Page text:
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Home Legislation Pending Medical Marijuana Gaining Strength In Ohio

Medical Marijuana Gaining Strength In Ohio

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For Immediate Release:

Medical Marijuana Gaining Strength In Ohio

The Ohio Patient Network (OPN), a 501- C3, celebrates its 10th anniversary in 2011 with renewed enthusiasm and resolve to see medical marijuana become legitimate medicine in the State of Ohio. With a new Governor, we can realistically foresee the issue coming up for serious debate in the 2011-2012 session of the Ohio Legislature.

After some internal changes and tough decisions over the last year, the Ohio Patient Network has reorganized into a powerful, strategic and effective vehicle for change.

“We are excited and dedicated to moving forward this year, and for however long it takes to achieve our goals and serve the interests of medical marijuana patients across the state.”  Says Tonya Davis, President of OPN.

The Ohio Medical Compassion Act continues to gain legislative support and will be introduced as promised in the House by State Representatives  Kenny Yuko (D) Cleveland and  Bob Hagan (D) Youngstown.  With a growing coalition of patients, activists and reform organizations from across the state, the passage of this bill is now closer than ever.

The Year Ahead:

In 2011, the Ohio Patient Network is working to introduce medical marijuana legislation into the Ohio Legislature and gain at least two committee hearings, with the aid of  Ohio Drug Policy Alliance and former Legislator Ed Orlet.  The Ohio Patient Network will bring public attention to the issue of medical marijuana via TV, radio and print media.   OPN will continue building a coalition of partnerships with influential individuals and organizations within the state of Ohio. The organization will also move forward to work with other Midwestern activists dedicated to supporting marijuana legislation and will continue to garner support for city medical marijuana resolutions and  voter initiative’s. Join with us if you want to change  marijuana drug policy and bring common sense to Ohio.

For more information on the Ohio Patient Network please contact us:
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Last Updated on Friday, 11 February 2011 03:16  

Medical Marijuana News

AMA question marijuana’s federal  classification of as a deadly, addictive drug with no medical use.

COLUMBUS, OHIO — At the November American Medical Association conference the AMA reversed it's position on marijuana as a schedule I drug and urges that “marijuana’s status as a federal Schedule I controlled substance be reviewed with the goal of facilitating the conduct of clinical research and development of cannabinoid based medicines.”  This is a reversal of the AMA position, which has equated marijuana in the same class as heroin.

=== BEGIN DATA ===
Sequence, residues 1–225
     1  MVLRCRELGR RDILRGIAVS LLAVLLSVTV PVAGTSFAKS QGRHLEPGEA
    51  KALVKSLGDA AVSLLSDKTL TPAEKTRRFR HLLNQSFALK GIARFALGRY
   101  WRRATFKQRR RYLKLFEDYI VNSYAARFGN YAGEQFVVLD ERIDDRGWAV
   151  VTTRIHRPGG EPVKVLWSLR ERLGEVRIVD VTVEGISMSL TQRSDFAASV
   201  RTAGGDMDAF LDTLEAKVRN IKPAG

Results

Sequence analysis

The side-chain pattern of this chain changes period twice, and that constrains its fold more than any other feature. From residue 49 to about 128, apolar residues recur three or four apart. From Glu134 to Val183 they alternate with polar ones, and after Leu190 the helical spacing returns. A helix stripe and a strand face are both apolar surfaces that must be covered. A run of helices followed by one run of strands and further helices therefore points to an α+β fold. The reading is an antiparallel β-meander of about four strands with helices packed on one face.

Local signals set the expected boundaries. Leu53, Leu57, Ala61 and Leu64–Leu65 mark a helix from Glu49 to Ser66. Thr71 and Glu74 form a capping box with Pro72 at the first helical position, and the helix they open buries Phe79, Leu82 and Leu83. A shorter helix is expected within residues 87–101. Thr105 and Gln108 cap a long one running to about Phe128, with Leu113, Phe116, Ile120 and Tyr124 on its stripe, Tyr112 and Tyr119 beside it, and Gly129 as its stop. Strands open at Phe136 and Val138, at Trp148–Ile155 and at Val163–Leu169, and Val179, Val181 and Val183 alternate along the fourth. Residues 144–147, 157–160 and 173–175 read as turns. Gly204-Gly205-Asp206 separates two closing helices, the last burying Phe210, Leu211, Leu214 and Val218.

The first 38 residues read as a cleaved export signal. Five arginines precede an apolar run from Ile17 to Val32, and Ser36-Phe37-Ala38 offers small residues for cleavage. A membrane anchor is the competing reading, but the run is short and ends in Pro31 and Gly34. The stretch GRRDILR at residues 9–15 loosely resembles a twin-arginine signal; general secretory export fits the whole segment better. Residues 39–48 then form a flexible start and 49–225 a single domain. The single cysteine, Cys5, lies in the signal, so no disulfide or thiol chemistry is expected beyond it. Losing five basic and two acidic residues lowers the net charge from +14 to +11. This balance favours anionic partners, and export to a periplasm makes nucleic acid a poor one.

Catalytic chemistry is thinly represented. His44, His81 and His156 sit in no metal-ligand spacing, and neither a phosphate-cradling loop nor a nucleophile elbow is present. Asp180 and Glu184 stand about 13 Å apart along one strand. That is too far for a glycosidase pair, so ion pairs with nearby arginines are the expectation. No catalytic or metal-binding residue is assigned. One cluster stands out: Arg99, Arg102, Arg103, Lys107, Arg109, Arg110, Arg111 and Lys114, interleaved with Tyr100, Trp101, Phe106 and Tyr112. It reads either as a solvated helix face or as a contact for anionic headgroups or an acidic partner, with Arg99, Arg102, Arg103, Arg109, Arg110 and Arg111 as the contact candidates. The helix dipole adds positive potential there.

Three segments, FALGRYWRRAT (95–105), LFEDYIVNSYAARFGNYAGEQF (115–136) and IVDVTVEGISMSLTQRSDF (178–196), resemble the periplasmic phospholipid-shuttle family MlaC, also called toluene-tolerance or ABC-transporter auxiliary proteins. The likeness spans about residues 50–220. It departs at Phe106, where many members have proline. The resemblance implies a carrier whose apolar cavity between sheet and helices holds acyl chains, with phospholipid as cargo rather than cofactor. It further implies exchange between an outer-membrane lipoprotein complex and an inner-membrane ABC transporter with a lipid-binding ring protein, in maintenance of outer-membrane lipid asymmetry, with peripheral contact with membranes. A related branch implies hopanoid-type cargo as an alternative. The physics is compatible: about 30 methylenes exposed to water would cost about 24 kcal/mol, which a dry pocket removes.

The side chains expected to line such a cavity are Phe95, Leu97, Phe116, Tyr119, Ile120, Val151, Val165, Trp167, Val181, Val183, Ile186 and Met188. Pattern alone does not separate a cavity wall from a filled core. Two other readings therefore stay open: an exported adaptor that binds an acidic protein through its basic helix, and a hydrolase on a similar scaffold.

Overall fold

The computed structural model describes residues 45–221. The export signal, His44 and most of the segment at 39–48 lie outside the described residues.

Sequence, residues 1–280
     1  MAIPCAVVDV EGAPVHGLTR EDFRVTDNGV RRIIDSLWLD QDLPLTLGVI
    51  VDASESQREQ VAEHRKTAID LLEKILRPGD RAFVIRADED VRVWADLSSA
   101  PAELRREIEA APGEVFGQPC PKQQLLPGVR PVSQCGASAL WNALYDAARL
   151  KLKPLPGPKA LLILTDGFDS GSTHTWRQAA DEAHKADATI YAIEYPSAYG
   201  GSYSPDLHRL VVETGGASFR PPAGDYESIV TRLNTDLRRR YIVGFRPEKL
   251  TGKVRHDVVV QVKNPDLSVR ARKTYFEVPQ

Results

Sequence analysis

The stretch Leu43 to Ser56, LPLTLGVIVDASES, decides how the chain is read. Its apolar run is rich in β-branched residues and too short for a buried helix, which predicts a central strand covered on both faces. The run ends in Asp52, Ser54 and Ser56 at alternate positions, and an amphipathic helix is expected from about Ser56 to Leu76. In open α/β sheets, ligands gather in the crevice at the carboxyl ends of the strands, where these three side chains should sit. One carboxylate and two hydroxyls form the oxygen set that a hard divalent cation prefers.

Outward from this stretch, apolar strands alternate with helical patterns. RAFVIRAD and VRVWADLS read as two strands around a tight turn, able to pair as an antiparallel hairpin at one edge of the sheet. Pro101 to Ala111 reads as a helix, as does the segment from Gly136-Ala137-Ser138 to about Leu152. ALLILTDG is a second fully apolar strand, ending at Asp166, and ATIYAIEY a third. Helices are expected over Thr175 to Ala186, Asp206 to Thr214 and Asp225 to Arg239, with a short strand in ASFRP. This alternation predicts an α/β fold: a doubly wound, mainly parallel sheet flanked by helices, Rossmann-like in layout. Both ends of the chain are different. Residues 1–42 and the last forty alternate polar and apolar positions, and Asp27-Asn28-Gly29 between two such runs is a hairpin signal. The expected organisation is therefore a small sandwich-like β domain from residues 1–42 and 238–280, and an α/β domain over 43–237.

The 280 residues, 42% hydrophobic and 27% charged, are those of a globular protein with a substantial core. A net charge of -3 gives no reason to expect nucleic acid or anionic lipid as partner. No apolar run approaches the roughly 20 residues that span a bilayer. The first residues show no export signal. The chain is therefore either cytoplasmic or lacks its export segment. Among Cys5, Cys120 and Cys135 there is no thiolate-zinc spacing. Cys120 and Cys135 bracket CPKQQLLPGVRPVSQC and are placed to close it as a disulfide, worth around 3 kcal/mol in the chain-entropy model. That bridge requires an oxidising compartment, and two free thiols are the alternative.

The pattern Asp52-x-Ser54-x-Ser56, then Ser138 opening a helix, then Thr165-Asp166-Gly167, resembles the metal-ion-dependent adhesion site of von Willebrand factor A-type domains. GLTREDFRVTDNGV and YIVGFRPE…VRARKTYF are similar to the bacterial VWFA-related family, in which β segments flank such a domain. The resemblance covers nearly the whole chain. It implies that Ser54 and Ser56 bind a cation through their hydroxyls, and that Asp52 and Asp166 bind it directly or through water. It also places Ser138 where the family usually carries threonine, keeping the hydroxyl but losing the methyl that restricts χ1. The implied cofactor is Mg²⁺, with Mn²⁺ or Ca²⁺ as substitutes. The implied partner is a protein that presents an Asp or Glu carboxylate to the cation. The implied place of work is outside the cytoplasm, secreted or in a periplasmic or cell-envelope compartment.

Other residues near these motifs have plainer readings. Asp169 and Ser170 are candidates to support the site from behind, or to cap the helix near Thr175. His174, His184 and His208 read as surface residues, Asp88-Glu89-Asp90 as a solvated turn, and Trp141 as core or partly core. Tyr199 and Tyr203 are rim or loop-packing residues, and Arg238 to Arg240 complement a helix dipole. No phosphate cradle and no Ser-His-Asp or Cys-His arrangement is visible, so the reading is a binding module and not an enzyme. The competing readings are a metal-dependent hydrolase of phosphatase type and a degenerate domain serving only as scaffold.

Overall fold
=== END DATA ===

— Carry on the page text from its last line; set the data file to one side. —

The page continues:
Marijuana is classified as a Schedule I drug by Ohio and the federal government.  A achedule I drug is defined as a substance with high potential for abuse, no currently accepted medical use in treatment in the United States and a lack of accepted safety standards for its use under medical supervision.  Schedule I drug can not be prescibed by doctors, but the federal government for 40 years has been supply in 300 joints a month to a small group of citiizens.

The AMA now appears to be ready to join other medical organization such as American College of Physicians, American Nurses Association, and others in questioning the federal classification as a deadly addictive drug with no accepted medical use.  Ohio classifies marijuana similarly.

The American College of Physicians, a large organization representing internal medicine doctors, made a similar statement as the AMA. The ACP "supports programs and funding for rigorous scientific evaluation of the potential therapeutic benefits of medical marijuana and the publication of such findings”.

"The American Nurses Association (ANA) recognizes that patients should have safe access to therapeutic marijuana/cannabis. Cannabis or marijuana has been used medicinally for centuries. It has been shown to be effective in treating a wide range of symptoms and conditions." {Providing Patients Safe Access to Therapeutic Marijuana/Cannabis," American Nurses Association (ANA) website, Mar. 19, 2004}

Ohio and the federal government is going to find it increasingly difficult to support their claims that cannabis (aka marijuana) as having no medical value.  A majority of Ohio citizens supports medical marijuana as evidenced by the University of Cincinnati's Institute for Policy Research recent poll results.

Ohio Patients are working to change Ohio laws concerning medical marijuana.